Recently, I stumbled upon a comment on one of TJ Shanoff’s blog posts from an old colleague of his at Second City. The comment linked to the website of author and University of Chicago Alum, Abby Sher, and promoted her new book “Amen, Amen, Amen: Memoir of a Girl who Couldn’t Stop Praying.” I was intrigued by the inside cover:
Until the age of ten, Abby Sher was a happy child in a fun-loving, musical family. But when her father and favorite aunt pass away, Abby fills the void of her loss with rituals: kissing her father's picture over and over each night, washing her hands, counting her steps, and collecting sharp objects that she thinks could harm innocent pedestrians. Then she begins to pray. At first she repeats the few phrases she remembers from synagogue, but by the time she is in high school, Abby is spending hours locked in her closet, urgently reciting a series of incantations and pleas. If she doesn't, she is sure someone else will die, too.
I sat down to read her memoir from start to finish. In a brutally honest, beautifully written, at times funny and often heartbreaking account, Abby opens up about a life ruled by obsessive-compulsive disorder, cutting and anorexia. Abby’s struggle to build a life for herself and her loved ones is difficult to read, especially at her darkest moments— facing an abortion, the death of her aunt, father and mother and the mental abuse of a bad boyfriend. While reading, I began to pray along with Abby that one day she would find the inner peace she was so desperately searching for, some happiness and a semblance of a healthy life.
During our phone interview, Abby opened up about everything from her time living in Chicago and working at Second City to life after her mother’s death and to whether OCD is a Jewish disease and how it shouldn’t be seen as just a negative disorder:
Cheryl Jacobs: When did you decide to turn your life into a book? Did you have concerns about being so open about your life?
Abby Sher: I wrote a piece not really knowing that I would be opening up my life. I was taking a personal essay class in 2004, right after my mom died, and my teacher was an editor at Self Magazine and she bought it. That started the high of writing things that were haunting me and when it ran in 2007 another editor contacted me and wanted the memoir. And I said, “Yeah, do you want to write it because I don’t want to.” This was in 2007, I was done writing about myself and had begun chipping away at fiction and trying to get over this eating disorder. But the fact that somebody said, “you should give it a try” was definitely a huge factor. The whole proposal process wound up being really helpful too, with organizing what kind of story it could make. I sold it to Scribner in 2007 and once it was an assignment I knew there was no turning back. With each draft my editor was great and really pushed me to be more and more open and revealing.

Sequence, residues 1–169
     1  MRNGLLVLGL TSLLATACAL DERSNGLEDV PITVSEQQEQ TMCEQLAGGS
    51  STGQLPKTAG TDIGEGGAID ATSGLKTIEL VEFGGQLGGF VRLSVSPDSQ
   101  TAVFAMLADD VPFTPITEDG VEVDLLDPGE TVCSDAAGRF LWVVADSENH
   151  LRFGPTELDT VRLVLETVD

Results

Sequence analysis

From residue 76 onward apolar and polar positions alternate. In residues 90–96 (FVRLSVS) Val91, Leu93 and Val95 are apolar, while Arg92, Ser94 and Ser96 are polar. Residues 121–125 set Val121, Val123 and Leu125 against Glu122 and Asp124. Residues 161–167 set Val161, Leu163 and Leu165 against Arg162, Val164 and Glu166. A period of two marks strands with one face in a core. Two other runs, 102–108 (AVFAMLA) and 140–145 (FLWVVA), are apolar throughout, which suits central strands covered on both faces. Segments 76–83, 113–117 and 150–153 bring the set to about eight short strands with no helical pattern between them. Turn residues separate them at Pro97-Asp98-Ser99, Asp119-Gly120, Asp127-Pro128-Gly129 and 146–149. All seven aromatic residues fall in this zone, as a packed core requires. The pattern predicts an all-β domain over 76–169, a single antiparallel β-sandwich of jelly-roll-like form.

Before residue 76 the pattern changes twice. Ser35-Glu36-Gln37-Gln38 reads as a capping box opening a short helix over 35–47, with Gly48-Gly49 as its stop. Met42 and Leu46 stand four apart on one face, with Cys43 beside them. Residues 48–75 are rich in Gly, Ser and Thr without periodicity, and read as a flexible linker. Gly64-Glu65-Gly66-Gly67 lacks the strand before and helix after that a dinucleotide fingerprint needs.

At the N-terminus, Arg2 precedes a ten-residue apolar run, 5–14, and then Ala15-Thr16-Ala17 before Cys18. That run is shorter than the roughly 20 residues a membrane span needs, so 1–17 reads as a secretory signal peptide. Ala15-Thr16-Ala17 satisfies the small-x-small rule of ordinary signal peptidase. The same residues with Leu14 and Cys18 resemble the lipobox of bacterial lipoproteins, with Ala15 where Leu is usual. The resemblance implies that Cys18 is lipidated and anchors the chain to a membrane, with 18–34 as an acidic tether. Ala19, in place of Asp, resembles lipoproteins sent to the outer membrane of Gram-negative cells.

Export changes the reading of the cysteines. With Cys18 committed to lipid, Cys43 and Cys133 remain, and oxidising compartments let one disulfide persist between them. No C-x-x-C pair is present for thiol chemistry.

Do you think OCD is somewhat of a Jewish disease?
I have gotten many responses like that where people have said, “well this is what happens to us Jewish ladies.” But I don’t know if I could say it’s Jewish though, because there is Catholic guilt— with repeating the rosary… I think Buddhists are the only ones who don’t have to deal with this as much.
People see it [OCD] as a disorder, but it has also been tremendously helpful for me through some really difficult situations. My praying every day now is a very different experience then even two years ago. The challenge is, can you go back to services without having to repeat every word in the prayer book or kiss it a certain number of times.